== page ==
Thanks to its Leica-logo’d f2-2.8 lens, the LX3 has proven itself to be a stunning low-light camera. There’s a feeling amongst many that shooting in low-light is a relatively rare requirement, and that most photography – literal translation from latin being ‘drawing with light’ – takes place when there’s some light to draw with !
Well, for those of us in the UK who are finding that, this week at least, there’s some real summer weather, we all know that this can’t generally be relied upon, in this green & pleasant land; conditions are more normally much cooler, wetter, and often overcast. Thus, there’s a real need here for ‘low-light ability’ in a camera, and the light-gathering capability of an f2 (at 24mm equiv.) to f2.8 (at 60mm equiv.) lens really makes a difference.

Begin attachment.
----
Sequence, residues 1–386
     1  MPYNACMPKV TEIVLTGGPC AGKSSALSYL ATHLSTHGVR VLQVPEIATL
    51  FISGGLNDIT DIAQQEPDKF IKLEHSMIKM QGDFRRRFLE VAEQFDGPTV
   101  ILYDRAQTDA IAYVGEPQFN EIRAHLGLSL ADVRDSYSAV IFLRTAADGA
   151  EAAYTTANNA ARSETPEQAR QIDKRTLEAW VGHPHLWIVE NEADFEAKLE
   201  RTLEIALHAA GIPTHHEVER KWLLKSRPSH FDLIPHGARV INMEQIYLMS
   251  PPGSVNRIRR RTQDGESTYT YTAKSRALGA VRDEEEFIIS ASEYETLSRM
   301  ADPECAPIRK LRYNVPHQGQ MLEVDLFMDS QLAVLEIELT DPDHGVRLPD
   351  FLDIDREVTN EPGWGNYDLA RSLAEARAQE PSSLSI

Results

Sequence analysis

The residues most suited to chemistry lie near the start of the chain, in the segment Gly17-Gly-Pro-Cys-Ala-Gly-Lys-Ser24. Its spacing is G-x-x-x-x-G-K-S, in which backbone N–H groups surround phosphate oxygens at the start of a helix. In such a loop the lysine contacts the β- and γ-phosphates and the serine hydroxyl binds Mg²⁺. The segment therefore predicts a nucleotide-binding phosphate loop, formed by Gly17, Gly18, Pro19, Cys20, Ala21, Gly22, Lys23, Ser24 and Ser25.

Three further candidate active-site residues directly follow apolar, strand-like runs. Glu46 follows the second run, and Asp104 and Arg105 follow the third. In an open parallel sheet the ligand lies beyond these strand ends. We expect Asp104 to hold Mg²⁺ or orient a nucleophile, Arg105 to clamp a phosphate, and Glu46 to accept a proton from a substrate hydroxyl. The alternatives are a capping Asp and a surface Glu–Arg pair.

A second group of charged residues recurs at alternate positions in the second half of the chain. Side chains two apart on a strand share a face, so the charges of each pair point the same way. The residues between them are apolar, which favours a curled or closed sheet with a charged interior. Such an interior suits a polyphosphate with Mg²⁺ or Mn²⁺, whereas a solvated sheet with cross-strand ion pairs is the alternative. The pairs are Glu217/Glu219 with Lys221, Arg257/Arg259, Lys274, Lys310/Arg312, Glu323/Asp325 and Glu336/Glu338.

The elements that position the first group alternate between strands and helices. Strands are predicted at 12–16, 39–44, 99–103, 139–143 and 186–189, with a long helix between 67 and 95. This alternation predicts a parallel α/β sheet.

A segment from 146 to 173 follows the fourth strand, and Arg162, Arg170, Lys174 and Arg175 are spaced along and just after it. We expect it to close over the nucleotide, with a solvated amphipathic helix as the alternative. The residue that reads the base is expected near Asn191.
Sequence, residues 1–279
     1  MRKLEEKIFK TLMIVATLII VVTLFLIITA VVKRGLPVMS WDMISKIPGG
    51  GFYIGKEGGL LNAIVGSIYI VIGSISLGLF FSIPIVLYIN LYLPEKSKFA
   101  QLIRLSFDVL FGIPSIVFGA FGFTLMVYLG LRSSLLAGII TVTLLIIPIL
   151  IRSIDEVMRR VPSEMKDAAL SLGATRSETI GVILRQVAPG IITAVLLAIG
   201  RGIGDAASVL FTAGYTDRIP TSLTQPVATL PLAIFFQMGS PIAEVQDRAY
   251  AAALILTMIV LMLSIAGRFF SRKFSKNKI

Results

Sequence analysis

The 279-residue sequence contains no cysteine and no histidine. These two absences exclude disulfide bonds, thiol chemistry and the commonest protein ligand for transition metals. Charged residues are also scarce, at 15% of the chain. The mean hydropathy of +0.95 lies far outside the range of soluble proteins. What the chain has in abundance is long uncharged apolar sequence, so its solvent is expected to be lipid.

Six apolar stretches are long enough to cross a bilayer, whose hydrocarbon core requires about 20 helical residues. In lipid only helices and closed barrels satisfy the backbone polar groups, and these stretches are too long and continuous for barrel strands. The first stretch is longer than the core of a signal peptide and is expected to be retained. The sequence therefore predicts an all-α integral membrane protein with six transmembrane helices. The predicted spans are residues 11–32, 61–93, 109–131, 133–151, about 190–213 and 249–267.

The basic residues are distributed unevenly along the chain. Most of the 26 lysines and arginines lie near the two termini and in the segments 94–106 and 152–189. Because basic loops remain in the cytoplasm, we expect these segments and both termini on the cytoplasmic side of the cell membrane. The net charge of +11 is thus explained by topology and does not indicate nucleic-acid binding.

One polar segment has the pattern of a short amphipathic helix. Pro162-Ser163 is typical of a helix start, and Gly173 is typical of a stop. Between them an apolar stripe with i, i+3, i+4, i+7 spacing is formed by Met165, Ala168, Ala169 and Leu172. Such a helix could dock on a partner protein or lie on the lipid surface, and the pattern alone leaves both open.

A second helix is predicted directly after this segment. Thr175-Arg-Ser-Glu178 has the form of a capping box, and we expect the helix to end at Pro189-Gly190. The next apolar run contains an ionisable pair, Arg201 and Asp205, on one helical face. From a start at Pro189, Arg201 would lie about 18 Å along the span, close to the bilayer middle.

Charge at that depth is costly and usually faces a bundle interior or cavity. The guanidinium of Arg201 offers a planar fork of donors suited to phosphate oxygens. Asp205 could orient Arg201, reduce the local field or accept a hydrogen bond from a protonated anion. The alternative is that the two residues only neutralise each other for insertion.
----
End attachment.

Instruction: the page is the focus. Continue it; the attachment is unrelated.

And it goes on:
The fact that it’s a really sharp one, with little noticeable distortion following processing, really helps to produce what I feel is a way better quality of low-light image than the output of the previous champ – the infamous Fuji F30. As I still have my F30 (and amazingly still in pretty well ‘as new’ condition), it’s been easy to make a direct comparison. LX3 has far more detail, less smearing, and its fast lens allows a lower ISO to be used, further reducing the possibility of noise that needs noise reduction, and the artifacts associated. If you want to replace an F30/31, the LX3 is also a far better performer in bright light conditions.
This dusk shot, from my collection of Canary Wharf/Docklands images, is a good example of what’s possible, handheld, under such conditions. That the full gamut of colour remains intact is also testament to the quality of LX3, that just wasn’t possible on a small camera even 18 months ago – we have much to be thankful for !
More LX3 low-light (and ‘normal-light’ !) shots in new & updated galleries … just go to http://nickbland.zenfolio.com and choose from the many subjects, each in their own folder for ease of use.